Please excuse me for not answering your letter sooner, but we're nearing the end of our training program here and life is quite busy as I prepare to take up my assignment. After all these months of anticipating (years), if you count all the time I've been thinking about joining the Peace Corps-it's finally going to happen: I'm going to walk into a village, find a place to live, and start saving the world. Well, maybe not the entire world. And maybe not on the first day. But I'll do my best.
Actually, if we have learned anything during this training (and we have learned a lot) it's we have learned a lot-it's to have realistic expectations of what we can actually accomplish here. Some of us, and I count myself among this group, were probably a bit ambitious about our work and the difference we could make, but I'm much more grounded in reality now. Thank goodness.
I know that making changes and improvements takes time, so I don't expect to see any results for the first few months. You've got to get people to trust you, after all, but once they do, then you can start to have influence. I think that once they're aware of my training and experience in the field, I'm bound to become more credible to them. People are basically well-intentioned, after all. You just have to give them time and the benefit of the doubt.
I know there will be obstacles, but I also know I'll be able to overcome them. If you put your mind to something, and it's something that means as much to you as this does to me, then nothing can stop you. I can give you an example of this from a recent incident here at the training program. We [trainees] wanted to set up a little co-op inside the training center, where we could buy soft drinks, snacks, etc., because the closest store is about half an hour from here, and we don't have time to go there and back on our breaks. When we approached the people who run this place, they said the stores in town wouldn't sell directly to us but only to the training center, i.e., to them, and they would arrange it for us. But we told them we wanted to do all the talking and arranging ourselves, so we could practice using the language in real situations and probably have a few cross-cultural experiences along the way. They said nothing like that had ever been done before and they didn't think it was a good idea.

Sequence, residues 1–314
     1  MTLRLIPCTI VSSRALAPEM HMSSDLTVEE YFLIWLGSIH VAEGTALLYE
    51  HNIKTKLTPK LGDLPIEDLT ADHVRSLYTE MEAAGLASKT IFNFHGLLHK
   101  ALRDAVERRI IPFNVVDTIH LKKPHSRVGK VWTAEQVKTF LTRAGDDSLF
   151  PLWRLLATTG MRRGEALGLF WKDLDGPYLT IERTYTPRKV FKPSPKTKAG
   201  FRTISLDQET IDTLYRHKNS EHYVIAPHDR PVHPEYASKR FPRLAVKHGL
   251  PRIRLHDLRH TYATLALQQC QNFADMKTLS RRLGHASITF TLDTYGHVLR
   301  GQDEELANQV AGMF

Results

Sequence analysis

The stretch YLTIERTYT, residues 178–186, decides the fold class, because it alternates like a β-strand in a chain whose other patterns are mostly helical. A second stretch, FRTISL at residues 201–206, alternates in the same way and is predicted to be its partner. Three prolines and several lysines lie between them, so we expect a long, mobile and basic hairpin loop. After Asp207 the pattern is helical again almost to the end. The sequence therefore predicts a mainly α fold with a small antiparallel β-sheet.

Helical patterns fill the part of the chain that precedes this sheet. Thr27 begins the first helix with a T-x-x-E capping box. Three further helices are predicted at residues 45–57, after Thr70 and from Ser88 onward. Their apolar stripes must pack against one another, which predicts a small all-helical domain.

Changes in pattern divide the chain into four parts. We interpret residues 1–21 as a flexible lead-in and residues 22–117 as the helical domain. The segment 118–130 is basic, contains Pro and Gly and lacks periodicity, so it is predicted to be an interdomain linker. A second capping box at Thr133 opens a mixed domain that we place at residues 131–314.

But I wasn't willing to give up so soon, so I approached some merchants in town. And found there was no problem at all! They were happy to sell to anyone, and they would give us a bulk discount! It's a small example, but it shows you that you don't have to take no for an answer, and that the way things have always been done doesn't have to be the way they're done hereafter.
Maybe I was lucky this time, but I think a positive attitude (along with my stubborn streak) can get you a long way.
Well, there's a lot more I want to tell you, but it's time for class. You probably won't hear from me for two or three weeks now, until I get moved and set up in my town. But don't use that as an excuse for not writing! We LIVE for our mail around here.